The Mayfield Farmhouse was built in the 1850s but recently suffered fire damage. ​

Mernda’s historic 170-year-old Mayfield Farmhouse will be made safer after being damaged by fire late last year.

Whittlesea council approved a planning permit application for the propping up of walls and partial demolition of the heritage-listed Plenty Road property in a staged response to ‘Make Safe’ requirements.

Stage one of the process will see the roof and walls propped up so the building can be inspected, while stage two seeks to partially demolish the farmhouse where it is deemed structurally unsafe.

A thorough investigation of the damaged building and surrounds will be completed before demolition works are approved by council officers.

Stage two will be supervised by heritage architects and structural engineers after the submission of a detailed report and assessment of the damage.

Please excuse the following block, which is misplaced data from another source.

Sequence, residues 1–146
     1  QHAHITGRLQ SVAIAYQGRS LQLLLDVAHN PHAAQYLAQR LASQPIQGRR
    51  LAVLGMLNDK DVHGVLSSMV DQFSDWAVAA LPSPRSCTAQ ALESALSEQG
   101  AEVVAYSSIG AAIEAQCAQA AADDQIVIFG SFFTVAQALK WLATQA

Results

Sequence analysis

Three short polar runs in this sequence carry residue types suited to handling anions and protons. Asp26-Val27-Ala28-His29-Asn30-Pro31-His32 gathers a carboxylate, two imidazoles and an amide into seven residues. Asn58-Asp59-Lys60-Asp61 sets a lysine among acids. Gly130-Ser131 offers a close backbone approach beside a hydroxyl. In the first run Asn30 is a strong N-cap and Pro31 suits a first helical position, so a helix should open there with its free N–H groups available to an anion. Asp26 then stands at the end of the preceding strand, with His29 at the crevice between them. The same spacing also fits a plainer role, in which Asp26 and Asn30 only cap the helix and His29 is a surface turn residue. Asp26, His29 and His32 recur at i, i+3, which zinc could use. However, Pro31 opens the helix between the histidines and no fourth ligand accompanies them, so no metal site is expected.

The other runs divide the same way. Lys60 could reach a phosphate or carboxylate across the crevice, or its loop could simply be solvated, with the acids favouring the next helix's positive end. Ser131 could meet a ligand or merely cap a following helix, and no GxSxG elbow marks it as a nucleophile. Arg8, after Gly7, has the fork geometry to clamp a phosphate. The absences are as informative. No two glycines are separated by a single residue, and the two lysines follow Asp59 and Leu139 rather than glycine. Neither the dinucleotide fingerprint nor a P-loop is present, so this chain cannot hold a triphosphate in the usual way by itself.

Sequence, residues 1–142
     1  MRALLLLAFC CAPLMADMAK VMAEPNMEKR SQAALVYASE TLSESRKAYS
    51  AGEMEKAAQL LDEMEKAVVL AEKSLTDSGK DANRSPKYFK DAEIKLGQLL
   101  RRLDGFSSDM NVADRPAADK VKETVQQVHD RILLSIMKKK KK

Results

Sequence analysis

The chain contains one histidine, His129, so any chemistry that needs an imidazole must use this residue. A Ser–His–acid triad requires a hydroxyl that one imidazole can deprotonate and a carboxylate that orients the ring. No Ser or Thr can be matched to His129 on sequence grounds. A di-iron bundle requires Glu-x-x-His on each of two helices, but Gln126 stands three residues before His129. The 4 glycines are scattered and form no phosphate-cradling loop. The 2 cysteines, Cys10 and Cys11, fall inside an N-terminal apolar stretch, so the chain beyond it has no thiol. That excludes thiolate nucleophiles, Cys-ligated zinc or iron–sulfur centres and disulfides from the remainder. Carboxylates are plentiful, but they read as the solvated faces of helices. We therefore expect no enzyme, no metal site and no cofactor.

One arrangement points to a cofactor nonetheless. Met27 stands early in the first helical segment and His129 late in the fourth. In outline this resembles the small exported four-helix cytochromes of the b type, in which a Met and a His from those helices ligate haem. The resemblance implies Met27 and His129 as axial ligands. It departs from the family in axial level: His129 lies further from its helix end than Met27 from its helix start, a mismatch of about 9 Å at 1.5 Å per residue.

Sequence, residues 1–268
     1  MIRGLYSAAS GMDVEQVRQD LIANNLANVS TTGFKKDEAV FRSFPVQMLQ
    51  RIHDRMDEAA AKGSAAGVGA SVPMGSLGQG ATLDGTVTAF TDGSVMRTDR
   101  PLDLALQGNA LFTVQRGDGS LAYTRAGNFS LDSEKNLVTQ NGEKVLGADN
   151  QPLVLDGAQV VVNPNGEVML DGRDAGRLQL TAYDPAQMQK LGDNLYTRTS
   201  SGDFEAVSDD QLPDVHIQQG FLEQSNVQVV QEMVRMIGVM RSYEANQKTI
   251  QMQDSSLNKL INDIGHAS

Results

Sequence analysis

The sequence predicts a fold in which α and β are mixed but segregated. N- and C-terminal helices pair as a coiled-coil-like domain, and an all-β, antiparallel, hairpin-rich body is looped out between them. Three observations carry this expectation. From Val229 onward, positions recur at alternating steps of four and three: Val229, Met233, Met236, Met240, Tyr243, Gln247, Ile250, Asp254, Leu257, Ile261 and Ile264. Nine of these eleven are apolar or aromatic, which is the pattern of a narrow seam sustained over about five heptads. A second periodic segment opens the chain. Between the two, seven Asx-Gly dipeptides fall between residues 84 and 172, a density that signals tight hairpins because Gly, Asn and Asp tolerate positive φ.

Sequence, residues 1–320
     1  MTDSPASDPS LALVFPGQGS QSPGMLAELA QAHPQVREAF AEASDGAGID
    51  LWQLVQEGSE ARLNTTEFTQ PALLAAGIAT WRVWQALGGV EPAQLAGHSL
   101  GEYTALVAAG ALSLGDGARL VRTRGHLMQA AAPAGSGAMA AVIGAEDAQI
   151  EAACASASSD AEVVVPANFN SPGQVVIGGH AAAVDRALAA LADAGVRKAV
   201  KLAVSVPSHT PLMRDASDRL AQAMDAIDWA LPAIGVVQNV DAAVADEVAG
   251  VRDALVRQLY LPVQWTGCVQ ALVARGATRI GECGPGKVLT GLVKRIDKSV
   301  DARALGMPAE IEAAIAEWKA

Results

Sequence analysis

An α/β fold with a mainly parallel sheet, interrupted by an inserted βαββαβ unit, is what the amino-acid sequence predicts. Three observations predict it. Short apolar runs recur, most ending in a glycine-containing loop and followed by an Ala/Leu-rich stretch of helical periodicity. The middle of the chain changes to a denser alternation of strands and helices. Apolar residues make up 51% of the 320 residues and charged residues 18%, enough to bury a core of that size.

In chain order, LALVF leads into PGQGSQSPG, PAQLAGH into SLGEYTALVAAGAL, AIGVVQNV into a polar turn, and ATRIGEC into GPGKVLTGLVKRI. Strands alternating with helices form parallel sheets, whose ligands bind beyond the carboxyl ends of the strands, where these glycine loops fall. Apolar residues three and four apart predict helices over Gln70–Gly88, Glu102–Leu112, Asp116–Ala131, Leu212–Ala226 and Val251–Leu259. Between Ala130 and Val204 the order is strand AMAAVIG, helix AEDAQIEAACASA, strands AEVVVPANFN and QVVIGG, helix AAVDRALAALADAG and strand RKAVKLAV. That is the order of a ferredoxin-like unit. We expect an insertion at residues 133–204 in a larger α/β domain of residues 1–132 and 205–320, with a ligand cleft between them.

The property was the home of Mernda pioneer Moses Thomas and was in his family for more than 100 years. ​

Mayfield Farmhouse sits within a large heritage lot that includes a dairy and surrounding farm complex.

The historic Berry Lane is located to the south of the site while the remainder of the land surrounding the site is slated to make up part of the future Mernda Town Centre.

With the farmhouse already required to undergo restoration works, the planning permit is only to ensure no further disrepair.

Administrator Lydia Wilson approved the planning permit at last week’s council meeting.

“Clearly, this planning permit is very important to ensure no further disrepair to the Mayfield farmhouse,” she said.

“I note the staged approval process and all stages must be supervised by a qualified heritage architect and on that basis, I approve the planning application.”